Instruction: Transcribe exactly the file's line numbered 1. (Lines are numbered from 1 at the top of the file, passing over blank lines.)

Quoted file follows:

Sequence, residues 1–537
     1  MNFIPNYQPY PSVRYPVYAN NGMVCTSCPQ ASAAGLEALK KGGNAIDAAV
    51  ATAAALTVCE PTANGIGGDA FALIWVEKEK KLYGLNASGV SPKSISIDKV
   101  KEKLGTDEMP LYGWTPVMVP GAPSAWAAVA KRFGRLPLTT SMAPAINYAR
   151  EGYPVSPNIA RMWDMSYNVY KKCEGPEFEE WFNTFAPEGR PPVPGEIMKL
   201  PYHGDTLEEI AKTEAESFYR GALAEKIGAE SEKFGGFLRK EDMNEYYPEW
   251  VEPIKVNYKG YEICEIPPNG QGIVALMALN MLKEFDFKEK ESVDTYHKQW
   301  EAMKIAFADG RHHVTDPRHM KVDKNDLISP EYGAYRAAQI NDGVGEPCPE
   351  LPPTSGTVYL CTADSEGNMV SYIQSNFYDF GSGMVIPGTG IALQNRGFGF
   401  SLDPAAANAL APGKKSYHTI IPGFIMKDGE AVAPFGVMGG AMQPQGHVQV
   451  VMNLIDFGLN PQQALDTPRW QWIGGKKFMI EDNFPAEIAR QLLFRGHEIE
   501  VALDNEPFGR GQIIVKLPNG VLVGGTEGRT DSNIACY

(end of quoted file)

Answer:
Sequence, residues 1–537